Bears for Change
On Saturday (October 15th 2011), I had the pleasure of attending the “Bear to Make a Difference” annual fundraising event for the Matthew Shepard Foundation held in Denver, Colorado.
This year marked the tenth anniversary of the event and proved to be their highest attended event with over 650 attendees.
As part of the fundraiser, a silent auction was held prior to the dinner and featured teddy bears, dressed and decorated by various celebrities and usually accompanied by autographed photos of the celebrity. Included with the teddy bears, the auction offered a number of other items which had been donated to the Matthew Shepard Foundation. After dinner there was also a live auction for a handful of vacation packages as well as a “raise the paddle” donation auction.
Once the dinner was under way, the Foundation gave out awards to individuals for their ongoing support of LGBTQ issues. Making a Difference Award is the highest honor given, and this year’s recipient was Jennifer Beals, actress from ‘The L Word’. Jennifer gave a touching speech about how much she supports our community, especially after playing a lesbian on ‘The L Word’. Judy Shepard, mother of Matthew Shepard, also recognized a number of individuals who have been tireless in their dedication to LGBTQ causes.
John Berry, Director of the United States Office of Personnel Management, was the keynote speaker for the evening. Mr. Berry was appointed Director by President Obama in 2009. Upon his swearing in, Mr. Berry became the highest ranking openly gay public official in history. I had the honor of meeting him at a reception prior to the fundraiser. He is a very well spoken advocate for our community and was extremely influential in obtaining domestic partner benefits for all Federal Employees.
Other than being able to help support the Matthew Shepard Foundation, the highlight of the weekend was meeting and speaking with the Shepard family. Their ability to turn such a tragic event in their lives into something so beneficial is unparalleled. Though soft spoken and quiet in person, Judy Shepard has been one of the loudest for the anti-hate and bullying movement. Judy Shepard’s passion and voice was undoubtedly crucial for passage of the Matthew Shepard, James Byrd Jr. Hate Crimes Prevention Act, which added perceived gender, sexual orientation, gender identity, and disability to the 1969 Federal Hate Crimes law.
Another treat was being introduced to Randi Driscoll (singer and songwriter), whom also performed at the “Experience the Devine” kickoff event for the fundraiser. Upon learning the story of Matthew Shepard, Randi wrote a song about the tragic event called ‘What Matters’. All proceeds from the sales of the single are donated to the Matthew Shepard Foundation. She has since made countless appearances to help support the Foundation.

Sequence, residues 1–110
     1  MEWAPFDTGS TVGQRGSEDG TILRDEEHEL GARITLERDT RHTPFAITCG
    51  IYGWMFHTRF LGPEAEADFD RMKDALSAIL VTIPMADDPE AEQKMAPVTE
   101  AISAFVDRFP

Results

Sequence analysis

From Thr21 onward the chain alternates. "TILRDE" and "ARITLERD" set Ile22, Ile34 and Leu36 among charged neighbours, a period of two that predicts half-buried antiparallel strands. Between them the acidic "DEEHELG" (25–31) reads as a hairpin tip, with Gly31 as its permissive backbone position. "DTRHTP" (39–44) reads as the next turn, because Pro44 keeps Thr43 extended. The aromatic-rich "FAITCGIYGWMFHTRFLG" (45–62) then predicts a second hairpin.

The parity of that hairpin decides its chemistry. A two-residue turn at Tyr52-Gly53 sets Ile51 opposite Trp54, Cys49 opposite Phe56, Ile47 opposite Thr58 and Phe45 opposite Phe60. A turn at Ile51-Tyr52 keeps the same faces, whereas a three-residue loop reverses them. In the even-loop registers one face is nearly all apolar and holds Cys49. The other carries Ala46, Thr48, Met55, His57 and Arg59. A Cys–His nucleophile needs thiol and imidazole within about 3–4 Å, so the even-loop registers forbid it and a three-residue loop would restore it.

Brett Dunckel is the founder of You Can Be Anything.
“The story of Matthew Shepard began on December 1, 1976 when he was born to Judy and Dennis Shepard in Casper, Wyoming. He went to public school in Casper until his junior year of high school when he moved with his family to Saudi Arabia. Matt had to finish his high school education at The American School in Switzerland because there were no American high schools in Saudi Arabia at the time. In both high schools, he was elected by his peers to be a peer counselor. He was easy to talk to, made friends easily and actively fought for the acceptance of all people. Matt had a great passion for equality. His experiences abroad fueled his love for travel and gave him the chance to make many new friends from around the world. Matt’s college career eventually took him back to Wyoming where he studied political science, foreign relations and languages at the University of Wyoming in Laramie.
“The horrific events that took place shortly after midnight on October 7, 1998 went against everything that Matt embodied. Two men, Aaron McKinney and Russell Henderson, led him to a remote area east of Laramie, Wyoming. He was tied to a split-rail fence where the two men severely assaulted him. He was beaten and left to die in the cold of the night. Almost 18 hours later, he was found by a bicyclist who initially mistook him for a scarecrow. Matt died on October 12 at 12:53 a.m. at Poudre Valley Hospital in Fort Collins, Colorado with his family by his side. His memorial service was attended by friends and family from around the world and garnered immense media attention that brought Matt’s story to the forefront of the fight against bigotry and hate. The life and death of Matthew Shepard changed the way we talk about, and deal with, hate in America. Since his death, Matt’s legacy has challenged and inspired millions of individuals to erase hate in all its forms. Although Matt’s life was short, his story continues to have a great impact on young and old alike. His legacy lives on in thousands of people like you who actively fight to replace hate with understanding, compassion and acceptance.”